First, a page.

I needed a new mic. I was committed to spending a few bucks on it, and wanted to get something relatively decent.
I know random bits and pieces about microphones, but I’m by no means an expert. This means that I’ll be incredibly attracted to things that look cool. The Shure 55SH Series II absolutely nails “looking cool.”
I’d had somewhat of a fixation with this vintage style of microphone since Dave Grohl’s use of one in the video for the Foo Fighters track, Best of You. So with money burning a hole in my pocket, I was ready to get it.
But I’ve also seen enough gear to know that it’s worth trying to find out as much as possible about a piece of musical equipment beyond its good looks.
|What kind of capsule is it?||Dynamic|
|Frequency range?||50 to 15,000 Hz|
Granted, that is a table of numbers, and doesn’t actually tell you an awful lot.
But you know, I was still committed. I don’t have a massive amount of microphones, and never really will – I’ll always be more of a guitarist than a singer or sound engineer. It’s like this: Shure are one of the top microphone brands around – they just don’t put out bad products. It also came really well-reviewed from literally everywhere.
I took the plunge.
Perhaps the most surprising thing that occurred to me when I took the 55SH out of its box was the weight of it. I should have been that surprised really. I mean, look at it. It’s a lump of cast metal with electronic bits inside! I guess knowing how light the electronics are, and how light microphones usually are, I couldn’t help but be surprised.
Anyway, it was a bit more of a fiddle getting it set up than I’m used to. Obviously, you don’t need any kind of a clip or mount to hold it, and you literally just screw it directly onto the microphone stand. I guess it’s not that big a deal really, just unusual for me.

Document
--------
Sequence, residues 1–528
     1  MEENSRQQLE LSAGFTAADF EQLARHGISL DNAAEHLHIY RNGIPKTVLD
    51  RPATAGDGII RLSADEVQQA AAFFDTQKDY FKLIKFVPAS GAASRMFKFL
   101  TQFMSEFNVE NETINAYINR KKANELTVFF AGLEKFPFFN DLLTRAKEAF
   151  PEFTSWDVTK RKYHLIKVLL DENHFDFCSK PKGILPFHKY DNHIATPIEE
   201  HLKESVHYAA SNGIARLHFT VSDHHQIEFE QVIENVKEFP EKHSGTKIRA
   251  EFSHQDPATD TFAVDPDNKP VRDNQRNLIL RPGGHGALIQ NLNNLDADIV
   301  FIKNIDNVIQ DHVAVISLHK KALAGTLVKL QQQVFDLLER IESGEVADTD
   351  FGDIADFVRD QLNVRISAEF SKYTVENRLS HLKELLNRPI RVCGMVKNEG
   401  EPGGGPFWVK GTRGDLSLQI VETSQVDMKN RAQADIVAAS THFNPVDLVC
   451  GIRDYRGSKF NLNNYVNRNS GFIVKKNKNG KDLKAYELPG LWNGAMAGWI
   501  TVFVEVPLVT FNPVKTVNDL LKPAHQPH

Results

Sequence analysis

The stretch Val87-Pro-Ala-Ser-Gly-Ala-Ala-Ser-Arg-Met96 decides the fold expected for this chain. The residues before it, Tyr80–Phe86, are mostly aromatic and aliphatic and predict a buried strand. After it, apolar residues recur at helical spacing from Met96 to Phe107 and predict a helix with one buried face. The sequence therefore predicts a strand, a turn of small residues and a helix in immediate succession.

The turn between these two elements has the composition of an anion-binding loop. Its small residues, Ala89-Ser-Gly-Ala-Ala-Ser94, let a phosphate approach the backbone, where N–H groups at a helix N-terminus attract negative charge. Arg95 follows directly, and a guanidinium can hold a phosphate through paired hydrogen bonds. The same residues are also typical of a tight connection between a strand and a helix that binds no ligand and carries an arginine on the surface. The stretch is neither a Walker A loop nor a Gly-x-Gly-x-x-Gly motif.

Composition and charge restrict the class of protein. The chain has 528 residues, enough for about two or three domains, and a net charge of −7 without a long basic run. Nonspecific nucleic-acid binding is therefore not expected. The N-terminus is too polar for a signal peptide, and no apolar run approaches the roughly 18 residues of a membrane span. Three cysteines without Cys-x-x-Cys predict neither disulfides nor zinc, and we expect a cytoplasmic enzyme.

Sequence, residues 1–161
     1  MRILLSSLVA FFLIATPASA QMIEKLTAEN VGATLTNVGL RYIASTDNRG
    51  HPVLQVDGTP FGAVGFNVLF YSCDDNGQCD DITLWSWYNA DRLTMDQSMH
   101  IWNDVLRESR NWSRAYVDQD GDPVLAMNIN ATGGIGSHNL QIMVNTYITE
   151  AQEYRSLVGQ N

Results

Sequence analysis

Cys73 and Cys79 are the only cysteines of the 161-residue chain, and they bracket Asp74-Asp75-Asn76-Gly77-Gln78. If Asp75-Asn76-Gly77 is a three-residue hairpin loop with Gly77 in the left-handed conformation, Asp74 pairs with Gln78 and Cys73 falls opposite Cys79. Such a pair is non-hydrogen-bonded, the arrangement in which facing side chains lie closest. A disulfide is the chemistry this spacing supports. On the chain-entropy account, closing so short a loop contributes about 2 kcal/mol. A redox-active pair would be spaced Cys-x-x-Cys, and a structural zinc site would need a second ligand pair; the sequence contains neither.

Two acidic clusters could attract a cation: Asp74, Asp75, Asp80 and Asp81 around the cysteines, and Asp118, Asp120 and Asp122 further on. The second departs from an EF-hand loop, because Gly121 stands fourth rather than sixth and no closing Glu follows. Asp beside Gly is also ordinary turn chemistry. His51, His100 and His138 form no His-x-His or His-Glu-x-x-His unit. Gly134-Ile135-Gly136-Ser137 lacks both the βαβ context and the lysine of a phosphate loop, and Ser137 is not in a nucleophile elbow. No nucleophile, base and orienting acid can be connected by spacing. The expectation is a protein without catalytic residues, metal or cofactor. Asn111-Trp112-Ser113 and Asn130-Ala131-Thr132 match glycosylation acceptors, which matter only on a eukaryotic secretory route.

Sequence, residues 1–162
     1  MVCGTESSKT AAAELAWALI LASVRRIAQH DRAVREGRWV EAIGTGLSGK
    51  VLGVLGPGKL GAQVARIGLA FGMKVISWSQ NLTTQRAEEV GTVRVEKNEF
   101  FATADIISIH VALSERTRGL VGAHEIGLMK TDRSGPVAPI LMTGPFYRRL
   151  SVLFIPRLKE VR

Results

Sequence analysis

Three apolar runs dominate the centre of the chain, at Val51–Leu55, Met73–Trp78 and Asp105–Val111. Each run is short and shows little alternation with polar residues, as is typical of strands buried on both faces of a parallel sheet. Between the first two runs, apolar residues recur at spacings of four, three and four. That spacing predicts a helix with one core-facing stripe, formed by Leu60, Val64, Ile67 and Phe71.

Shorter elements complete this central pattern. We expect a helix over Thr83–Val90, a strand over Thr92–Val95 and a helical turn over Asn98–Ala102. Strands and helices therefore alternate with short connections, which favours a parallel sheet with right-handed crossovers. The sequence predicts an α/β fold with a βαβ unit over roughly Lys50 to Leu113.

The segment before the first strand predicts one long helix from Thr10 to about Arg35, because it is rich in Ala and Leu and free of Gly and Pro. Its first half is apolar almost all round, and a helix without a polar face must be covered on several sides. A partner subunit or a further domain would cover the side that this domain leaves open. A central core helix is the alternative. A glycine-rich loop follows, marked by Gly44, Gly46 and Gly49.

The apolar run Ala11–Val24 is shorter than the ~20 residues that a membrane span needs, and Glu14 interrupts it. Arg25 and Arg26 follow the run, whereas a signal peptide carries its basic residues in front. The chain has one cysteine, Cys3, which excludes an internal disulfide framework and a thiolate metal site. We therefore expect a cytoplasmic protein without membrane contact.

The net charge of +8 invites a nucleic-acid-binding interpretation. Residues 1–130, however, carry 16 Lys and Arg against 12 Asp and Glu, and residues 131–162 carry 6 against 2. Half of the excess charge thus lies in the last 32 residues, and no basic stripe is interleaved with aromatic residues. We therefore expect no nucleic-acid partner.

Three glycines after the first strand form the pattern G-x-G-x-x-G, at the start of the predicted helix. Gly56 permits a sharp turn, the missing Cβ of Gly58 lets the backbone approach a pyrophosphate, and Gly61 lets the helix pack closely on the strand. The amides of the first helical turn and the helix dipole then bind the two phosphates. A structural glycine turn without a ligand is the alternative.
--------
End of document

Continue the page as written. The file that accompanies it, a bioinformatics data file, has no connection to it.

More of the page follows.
The on/off switch is also not a standard feature on microphones.
The first thing I did with it was record some vocals. It was a very different sound. Quite crisp and bright, bordering on brash. I honestly wasn’t 100% sure if I liked it. The more I used it though, I worked out some settings on my audio interface and digital audio workstation to refine it to something I liked a bit more.
I think my favorite thing to do with it extend beyond its standard use as a vocal mic though.
In the time I’ve had this mic, I’ve used it for all kinds of things: drums, cajon, acoustic guitar, even ukulele. Of those, I think my personal favorites have actually been the use with percussion instruments. I love the sound it’s made for use on the kick drum on recordings. I’ve used it for overheads too, but quite frankly, it’s just a bit heavy to be practically used for that.
The cajon was fun to record with it. Sticking it at the box’s sound hole – not inside it, but a few inches away from it, while also recording the front of the box gave a wonderfully fat sounding cajon. I loved it!
In its use with acoustic stringed instruments, I found it could be hit or miss. I recorded one piece of ukulele on it that sounded wonderful, but when I tried to do it again, it just wasn’t there.
I have used it for vocals, both recording at home, and at shows – it’s incredibly sturdy, and well able for being taken out and about.
But I also found it to be an incredibly versatile microphone, with a special place in particular for any percussion recording I’m undertaking. If you’re looking for a versatile mic, I would recommend this.